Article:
Learn more: How your body uses phosphorus »

Risk factors

Any child born into a family that carries the gene for hypophosphatemic rickets is at a higher risk. The gene is carried on the X chromosome. Females, who have two X chromosomes, tend to have a less severe form of the disease than males. That’s because the non-mutated X chromosome can balance out the one carrying the mutated gene.

What to expect when you see your doctor

If you suspect your baby inherited a gene responsible for hypophosphatemic rickets, ask your child’s pediatrician about genetic testing as soon as possible. A child with the gene may never develop rickets if treatment begins early.

If you don’t know of any potential genetic problems, look for signs of bone problems. The bones and joints in your child’s legs may be painful and tender to the touch. If you think your child’s legs are growing at an odd angle, ask your pediatrician about testing for rickets.

To test for hypophosphatemic rickets, your doctor will check your child’s serum phosphate levels. This is done with a blood test. Because hypophosphatemic rickets is such an uncommon disease, many pediatricians may not know what to look for or how to interpret test results. It’s important to compare your child’s serum phosphate test results to the levels of healthy children of the same age.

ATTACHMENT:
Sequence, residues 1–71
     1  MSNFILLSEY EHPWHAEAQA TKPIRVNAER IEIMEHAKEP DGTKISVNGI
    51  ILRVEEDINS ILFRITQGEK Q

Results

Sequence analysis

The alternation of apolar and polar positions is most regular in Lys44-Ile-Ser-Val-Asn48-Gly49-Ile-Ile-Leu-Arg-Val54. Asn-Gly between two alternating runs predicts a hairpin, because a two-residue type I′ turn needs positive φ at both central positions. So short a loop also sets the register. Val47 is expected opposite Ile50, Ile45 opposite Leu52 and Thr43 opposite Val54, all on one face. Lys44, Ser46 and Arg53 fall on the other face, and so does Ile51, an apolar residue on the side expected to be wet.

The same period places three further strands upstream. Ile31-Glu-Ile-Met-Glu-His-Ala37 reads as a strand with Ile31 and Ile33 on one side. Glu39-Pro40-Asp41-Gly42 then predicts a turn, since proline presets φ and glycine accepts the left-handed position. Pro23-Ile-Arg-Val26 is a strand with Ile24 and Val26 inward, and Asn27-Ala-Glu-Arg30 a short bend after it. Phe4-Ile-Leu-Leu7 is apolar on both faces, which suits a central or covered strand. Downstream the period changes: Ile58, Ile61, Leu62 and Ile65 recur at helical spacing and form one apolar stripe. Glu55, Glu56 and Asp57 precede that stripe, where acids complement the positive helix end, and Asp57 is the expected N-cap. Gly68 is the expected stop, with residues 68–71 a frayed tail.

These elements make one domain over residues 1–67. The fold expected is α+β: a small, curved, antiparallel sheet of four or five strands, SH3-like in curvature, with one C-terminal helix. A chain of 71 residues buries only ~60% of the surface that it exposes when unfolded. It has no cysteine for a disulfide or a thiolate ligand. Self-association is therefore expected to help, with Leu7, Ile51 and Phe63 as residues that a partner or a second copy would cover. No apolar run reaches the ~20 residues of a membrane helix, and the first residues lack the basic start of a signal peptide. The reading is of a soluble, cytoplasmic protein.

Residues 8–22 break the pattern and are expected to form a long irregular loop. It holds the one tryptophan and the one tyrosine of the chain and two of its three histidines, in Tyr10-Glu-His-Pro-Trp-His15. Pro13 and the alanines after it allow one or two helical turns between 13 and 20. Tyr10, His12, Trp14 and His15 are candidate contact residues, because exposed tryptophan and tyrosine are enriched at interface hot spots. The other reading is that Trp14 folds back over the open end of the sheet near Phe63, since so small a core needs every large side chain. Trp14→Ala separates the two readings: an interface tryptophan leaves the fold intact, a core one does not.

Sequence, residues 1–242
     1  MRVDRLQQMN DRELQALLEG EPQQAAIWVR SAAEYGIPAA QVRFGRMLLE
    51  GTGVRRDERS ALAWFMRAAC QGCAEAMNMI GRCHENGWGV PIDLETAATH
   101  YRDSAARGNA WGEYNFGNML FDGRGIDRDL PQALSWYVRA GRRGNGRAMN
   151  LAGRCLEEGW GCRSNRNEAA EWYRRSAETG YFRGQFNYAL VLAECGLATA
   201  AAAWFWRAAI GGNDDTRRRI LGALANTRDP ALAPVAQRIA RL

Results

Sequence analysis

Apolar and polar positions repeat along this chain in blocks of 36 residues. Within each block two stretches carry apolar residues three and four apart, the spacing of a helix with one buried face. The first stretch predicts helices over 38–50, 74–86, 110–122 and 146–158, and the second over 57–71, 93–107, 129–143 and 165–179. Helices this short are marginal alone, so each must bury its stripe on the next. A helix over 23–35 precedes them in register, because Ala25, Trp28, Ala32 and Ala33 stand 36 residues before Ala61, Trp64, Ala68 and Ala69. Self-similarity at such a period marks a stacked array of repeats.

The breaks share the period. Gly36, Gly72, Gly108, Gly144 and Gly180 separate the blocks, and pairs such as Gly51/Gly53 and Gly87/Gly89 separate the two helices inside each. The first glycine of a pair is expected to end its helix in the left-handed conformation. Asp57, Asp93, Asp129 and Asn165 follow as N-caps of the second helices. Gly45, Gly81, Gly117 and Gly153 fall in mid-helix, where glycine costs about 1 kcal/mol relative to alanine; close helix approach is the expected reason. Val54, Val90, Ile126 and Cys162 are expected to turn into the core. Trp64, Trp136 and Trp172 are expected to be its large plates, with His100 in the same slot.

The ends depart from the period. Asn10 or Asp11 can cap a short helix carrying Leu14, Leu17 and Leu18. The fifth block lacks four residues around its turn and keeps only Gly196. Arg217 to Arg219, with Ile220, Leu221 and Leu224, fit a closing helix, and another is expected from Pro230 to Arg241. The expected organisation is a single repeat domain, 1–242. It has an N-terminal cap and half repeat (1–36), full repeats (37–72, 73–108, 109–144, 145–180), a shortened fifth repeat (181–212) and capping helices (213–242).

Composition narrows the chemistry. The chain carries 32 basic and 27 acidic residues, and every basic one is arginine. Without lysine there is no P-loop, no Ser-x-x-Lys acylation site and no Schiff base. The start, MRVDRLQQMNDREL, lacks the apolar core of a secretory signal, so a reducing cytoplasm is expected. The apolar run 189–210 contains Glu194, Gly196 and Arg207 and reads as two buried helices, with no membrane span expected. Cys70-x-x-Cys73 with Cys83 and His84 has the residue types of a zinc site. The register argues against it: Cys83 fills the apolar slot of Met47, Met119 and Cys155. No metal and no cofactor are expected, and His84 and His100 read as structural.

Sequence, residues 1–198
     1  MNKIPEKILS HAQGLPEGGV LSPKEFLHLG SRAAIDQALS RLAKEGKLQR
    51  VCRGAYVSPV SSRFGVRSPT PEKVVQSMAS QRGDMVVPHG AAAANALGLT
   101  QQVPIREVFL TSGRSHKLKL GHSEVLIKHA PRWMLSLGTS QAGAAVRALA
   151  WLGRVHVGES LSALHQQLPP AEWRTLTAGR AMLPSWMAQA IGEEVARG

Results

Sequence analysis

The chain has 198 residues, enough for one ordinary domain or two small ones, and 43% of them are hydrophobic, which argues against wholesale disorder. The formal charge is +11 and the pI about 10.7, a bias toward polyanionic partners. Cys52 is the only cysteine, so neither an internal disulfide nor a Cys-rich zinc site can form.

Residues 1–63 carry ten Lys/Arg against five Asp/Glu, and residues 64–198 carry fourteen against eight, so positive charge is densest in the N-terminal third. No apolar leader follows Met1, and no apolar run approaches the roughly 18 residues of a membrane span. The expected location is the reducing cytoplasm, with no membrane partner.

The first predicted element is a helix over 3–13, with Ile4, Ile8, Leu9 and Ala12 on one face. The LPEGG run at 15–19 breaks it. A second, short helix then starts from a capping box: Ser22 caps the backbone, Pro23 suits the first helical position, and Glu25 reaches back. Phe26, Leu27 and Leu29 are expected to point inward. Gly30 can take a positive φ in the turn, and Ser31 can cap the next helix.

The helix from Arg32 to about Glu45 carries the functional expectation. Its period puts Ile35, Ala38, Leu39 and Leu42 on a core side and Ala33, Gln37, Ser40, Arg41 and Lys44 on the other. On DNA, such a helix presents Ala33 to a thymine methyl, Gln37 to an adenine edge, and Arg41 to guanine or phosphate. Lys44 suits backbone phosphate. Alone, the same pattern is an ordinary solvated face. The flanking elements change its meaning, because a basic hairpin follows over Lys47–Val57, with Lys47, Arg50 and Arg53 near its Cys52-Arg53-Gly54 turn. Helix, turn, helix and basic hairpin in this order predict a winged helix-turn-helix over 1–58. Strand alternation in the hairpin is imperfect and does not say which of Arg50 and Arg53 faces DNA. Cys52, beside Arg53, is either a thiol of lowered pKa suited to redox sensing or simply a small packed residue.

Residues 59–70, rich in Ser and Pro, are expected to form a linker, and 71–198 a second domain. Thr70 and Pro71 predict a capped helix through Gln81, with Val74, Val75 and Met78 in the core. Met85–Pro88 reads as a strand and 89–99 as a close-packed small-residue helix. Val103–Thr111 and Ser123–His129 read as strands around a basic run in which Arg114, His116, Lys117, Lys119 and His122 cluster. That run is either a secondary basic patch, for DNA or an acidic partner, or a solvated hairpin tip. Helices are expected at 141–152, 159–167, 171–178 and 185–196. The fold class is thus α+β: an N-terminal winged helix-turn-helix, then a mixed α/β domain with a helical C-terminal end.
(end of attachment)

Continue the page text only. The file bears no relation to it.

There are a few other conditions that can cause similar symptoms to hypophosphatemic rickets. It’s important to find a doctor who has some experience with this particular disease. Children with hypophosphatemic rickets are often treated by a nephrologist or an endocrinologist. A nephrologist is a doctor who specializes in kidney disorders, and an endocrinologist specializes in disorders of the endocrine glands. If you can find a doctor who specializes in bone disorders, your child may be in better hands.